SWITZERLAND, JUNE 17 – More details are emerging about a clash late Monday night along a disputed border between India and China high in the Himalayas, which has ratcheted up tension between the two nuclear-armed neighbors and left officials on both sides scrambling to deescalate. This has led to fears of World War 3 since any of the great military powers, US and Russia may intervene in a major conflict between the two.
Pressure is growing on Indian Prime Minister Narendra Modi to respond to the incident, in which at least 20 Indian soldiers died and many more were injured, according to a statement from the army. China also suffered casualties, the Indian army said, though neither side has released any figures. India reportedly has one of the five
Writing on Twitter Wednesday, Rahul Gandhi, a senior leader within India’s main opposition Congress Party, asked “Why is the Prime Minister silent? Why is he hiding?””Enough is enough. We need to know what has happened,” Gandhi said. “How dare China kill our soldiers? How dare they take our land?”
The incident is only the latest crisis for Modi, who is already facing intense criticism over his government’s handling of the coronavirus pandemic, which has infected more than 354,000 people across the country, and killed nearly 12,000, according to Johns Hopkins University. Multiple Indian states have extended their lockdowns as they struggle to contain the outbreak.”
The timing is just terrible all around,” said Alyssa Ayres, senior fellow for India, Pakistan, and South Asia at the Council on Foreign Relations. “India is grappling with an economic crisis that began prior to but has been dramatically worsened by the coronavirus lockdown, and is still seeing a slow case increase so must face the public health implications, and now has live border problems with three countries: Pakistan, China, and Nepal.”
The incident occurred during a “deescalation process” underway in the Galwan Valley in the disputed Aksai Chin-Ladakh area, where a large troop build-up has reportedly been taking place for weeks now on both sides of the border, before senior military commanders began talks earlier this month.
The Indian army had earlier said three soldiers had died, but added late Tuesday that a further 17 troops “who were critically injured in the line of duty at the standoff location and exposed to sub-zero temperatures in the high altitude terrain have succumbed to their injuries.”The deaths are the first military casualties along the two countries’ disputed border for more than 40 years.According to a source with the Indian armed forces, the deadly fight between soldiers started after Chinese troops erected a tent in the disputed area after the deescalation began, which Indian forces pulled down, leading to a heated exchange.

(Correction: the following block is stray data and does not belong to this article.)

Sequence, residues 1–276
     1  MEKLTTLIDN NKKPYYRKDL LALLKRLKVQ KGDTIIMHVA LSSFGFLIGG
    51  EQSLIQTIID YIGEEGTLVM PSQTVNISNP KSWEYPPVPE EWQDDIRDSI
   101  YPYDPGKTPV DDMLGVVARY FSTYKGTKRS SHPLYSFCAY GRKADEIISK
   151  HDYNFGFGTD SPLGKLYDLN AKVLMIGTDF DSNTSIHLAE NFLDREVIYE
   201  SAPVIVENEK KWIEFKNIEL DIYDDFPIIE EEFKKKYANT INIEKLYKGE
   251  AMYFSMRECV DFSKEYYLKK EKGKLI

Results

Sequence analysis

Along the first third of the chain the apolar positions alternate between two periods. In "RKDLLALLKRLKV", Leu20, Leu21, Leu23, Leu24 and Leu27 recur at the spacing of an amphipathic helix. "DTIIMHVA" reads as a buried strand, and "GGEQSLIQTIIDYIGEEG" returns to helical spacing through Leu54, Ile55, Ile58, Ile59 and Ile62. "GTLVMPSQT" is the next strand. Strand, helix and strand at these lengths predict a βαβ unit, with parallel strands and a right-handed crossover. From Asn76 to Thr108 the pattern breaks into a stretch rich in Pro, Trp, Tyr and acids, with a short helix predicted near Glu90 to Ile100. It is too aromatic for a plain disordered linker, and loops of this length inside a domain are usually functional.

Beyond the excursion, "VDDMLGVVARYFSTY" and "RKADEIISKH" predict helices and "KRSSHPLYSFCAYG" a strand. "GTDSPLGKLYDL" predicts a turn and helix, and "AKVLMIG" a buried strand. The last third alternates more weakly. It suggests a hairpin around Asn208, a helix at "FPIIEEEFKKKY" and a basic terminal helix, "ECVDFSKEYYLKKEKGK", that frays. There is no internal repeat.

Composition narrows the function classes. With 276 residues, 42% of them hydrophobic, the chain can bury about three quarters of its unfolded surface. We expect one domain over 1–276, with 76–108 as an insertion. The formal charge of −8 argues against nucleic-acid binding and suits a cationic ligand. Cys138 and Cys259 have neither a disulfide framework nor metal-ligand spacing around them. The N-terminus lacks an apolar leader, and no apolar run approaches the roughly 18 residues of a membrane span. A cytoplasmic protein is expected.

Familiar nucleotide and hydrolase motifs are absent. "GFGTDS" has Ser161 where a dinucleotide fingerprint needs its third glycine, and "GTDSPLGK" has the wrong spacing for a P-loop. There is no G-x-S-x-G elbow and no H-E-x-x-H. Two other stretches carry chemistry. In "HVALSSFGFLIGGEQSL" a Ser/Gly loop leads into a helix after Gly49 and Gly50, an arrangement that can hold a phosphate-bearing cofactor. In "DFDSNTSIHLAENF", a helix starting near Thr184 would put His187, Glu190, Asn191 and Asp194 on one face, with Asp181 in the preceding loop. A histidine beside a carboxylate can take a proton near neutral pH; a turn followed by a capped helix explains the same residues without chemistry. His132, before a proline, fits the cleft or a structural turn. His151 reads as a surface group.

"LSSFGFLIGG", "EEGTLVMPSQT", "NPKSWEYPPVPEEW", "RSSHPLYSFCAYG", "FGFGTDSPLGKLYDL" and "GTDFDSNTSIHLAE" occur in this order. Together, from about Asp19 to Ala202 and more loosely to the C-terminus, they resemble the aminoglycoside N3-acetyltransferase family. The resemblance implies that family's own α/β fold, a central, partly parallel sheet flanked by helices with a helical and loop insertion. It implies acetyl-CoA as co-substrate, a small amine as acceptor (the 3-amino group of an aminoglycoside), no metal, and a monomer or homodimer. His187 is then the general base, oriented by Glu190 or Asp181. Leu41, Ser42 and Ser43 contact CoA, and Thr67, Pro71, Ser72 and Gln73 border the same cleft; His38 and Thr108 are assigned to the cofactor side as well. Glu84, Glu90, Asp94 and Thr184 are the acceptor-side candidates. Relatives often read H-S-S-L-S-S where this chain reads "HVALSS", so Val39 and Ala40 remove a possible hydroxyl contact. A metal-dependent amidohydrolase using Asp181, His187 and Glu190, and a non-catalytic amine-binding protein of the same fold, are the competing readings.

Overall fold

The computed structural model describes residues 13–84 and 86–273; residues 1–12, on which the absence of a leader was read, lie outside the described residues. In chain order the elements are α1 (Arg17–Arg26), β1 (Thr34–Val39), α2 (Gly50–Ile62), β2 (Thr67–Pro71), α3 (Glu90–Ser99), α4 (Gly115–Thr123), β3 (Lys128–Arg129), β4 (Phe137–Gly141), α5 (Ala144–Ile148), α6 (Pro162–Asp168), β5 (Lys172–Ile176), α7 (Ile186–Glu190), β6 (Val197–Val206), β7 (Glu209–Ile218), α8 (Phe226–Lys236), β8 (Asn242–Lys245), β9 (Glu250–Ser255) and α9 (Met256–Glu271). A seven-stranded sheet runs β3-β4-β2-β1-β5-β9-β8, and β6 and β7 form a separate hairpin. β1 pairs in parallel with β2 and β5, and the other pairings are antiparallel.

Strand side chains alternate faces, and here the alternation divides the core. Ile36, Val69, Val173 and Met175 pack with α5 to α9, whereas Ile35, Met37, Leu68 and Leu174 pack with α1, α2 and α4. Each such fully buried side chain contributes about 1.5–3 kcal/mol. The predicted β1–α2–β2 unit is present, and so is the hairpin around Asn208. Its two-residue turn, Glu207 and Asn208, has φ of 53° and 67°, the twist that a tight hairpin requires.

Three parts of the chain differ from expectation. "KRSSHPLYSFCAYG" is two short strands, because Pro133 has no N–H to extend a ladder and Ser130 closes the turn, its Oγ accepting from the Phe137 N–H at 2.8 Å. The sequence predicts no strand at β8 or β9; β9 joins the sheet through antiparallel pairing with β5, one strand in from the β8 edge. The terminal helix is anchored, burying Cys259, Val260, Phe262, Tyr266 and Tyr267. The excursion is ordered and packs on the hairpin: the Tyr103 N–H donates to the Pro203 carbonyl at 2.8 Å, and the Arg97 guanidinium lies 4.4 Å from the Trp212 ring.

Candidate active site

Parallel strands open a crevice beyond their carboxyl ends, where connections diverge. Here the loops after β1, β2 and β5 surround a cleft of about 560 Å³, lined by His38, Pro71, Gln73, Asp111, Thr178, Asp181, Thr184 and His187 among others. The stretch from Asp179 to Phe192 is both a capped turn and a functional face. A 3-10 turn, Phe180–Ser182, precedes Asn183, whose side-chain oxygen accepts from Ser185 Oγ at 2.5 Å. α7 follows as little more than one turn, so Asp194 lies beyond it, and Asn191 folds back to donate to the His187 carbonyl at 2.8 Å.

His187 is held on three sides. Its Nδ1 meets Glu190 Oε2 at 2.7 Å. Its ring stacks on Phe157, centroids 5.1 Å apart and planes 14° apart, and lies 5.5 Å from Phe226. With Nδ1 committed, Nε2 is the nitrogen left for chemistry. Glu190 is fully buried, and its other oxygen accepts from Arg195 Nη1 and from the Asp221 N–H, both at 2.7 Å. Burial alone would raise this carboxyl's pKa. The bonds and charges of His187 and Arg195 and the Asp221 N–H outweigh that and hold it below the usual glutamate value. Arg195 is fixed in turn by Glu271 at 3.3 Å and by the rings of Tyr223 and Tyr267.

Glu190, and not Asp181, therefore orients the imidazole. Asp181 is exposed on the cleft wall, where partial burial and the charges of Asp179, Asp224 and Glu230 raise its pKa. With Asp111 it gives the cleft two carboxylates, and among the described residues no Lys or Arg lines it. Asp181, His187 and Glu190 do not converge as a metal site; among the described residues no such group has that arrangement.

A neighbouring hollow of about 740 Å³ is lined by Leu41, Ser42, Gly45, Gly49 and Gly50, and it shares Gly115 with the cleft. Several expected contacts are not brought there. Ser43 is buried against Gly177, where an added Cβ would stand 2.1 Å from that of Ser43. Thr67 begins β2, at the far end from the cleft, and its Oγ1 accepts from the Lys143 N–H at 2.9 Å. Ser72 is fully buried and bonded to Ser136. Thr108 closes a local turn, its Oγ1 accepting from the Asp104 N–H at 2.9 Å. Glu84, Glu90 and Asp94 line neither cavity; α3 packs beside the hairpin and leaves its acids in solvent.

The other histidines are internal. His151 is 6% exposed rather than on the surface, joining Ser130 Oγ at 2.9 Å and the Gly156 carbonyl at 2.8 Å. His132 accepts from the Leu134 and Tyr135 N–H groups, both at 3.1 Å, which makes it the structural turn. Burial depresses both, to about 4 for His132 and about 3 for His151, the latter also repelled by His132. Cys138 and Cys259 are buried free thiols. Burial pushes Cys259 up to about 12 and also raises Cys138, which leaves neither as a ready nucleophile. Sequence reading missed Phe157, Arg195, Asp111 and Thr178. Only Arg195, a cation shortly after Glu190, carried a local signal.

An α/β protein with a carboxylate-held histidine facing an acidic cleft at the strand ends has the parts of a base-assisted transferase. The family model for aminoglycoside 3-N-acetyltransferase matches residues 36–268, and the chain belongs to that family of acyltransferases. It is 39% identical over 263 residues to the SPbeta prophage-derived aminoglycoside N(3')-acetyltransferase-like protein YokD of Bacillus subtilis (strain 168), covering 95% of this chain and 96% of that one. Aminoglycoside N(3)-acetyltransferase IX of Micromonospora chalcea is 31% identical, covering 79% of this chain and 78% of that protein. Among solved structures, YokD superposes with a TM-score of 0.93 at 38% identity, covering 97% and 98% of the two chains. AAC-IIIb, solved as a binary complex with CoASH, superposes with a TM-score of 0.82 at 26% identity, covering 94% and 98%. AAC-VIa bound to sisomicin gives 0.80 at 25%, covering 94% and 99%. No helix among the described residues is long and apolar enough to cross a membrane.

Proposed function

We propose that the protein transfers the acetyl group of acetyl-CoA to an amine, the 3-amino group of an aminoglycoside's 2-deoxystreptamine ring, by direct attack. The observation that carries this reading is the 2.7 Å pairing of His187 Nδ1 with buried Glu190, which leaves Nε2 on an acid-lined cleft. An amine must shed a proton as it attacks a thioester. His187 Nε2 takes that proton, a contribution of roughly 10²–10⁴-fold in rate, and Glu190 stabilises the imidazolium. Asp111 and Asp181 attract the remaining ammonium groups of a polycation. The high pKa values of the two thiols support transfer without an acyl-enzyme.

On Monday, June 15, Chinese troops returned with reinforcements and assaulted the Indian troops, the source said, adding there was “intent to harm the Indian soldiers.”
“They used stones, bamboo sticks with nails to attack the Indian soldiers. The Indian soldiers were not ready for the assault,” said the source, adding that the brawl led to severe injuries, which were exacerbated by the sub-zero temperatures and high altitude.
The standoff lasted between four to five hours and that by the time Indian reinforcements got to the spot, many had lost their lives, the source said.
CNN says it is unable to independently confirm this account of events. So far China has not given an official account of events.
“The loss of soldiers in Galwan is deeply disturbing and painful,” India’s defense minister Rajnath Singh tweeted Wednesday. “Our soldiers displayed exemplary courage and valour in the line of duty and sacrificed their lives in the highest traditions of the Indian Army.
At a regular news conference Tuesday, Chinese Foreign Ministry spokesman Zhao Lijian said that on Monday, “Indian troops seriously violated our consensus and twice crossed the border line for illegal activities and provoked and attacked Chinese personnel which lead to serious physical conflict between the two sides.”
China’s People’s Liberation Army (PLA) released a statement Tuesday night calling on the Indian army to immediately stop what it described as “provocative actions” and to “resolve the issue through the correct track of dialogue and talks.”
“The sovereignty of the Galwan Valley region has always belonged to China,” Zhang Shuili, the spokesman of the Western Theater said in a statement on China’s Ministry of Defense website.
“Indian troops violated its commitment, crossed the borderline for illegal activities and deliberately launched provocative attacks.”Zhang added that the “serious physical conflict between the two sides” had “resulted in casualties.”Hu Xijin, editor of the Chinese government-backed tabloid Global Times, said on Twitter that the fact China had not released a casualty figure was a sign of “goodwill from Beijing.”
“My understanding is the Chinese side doesn’t want people of the two countries to compare the casualties number so to avoid stoking public mood,” said Hu, who has strong ties to the Chinese leadership and military. His conciliatory tone is a striking contrast to the jingoistic chest-thumping of his newspaper in recent weeks, which has published article after article on Chinese troop maneuvers, armaments and military might in the region.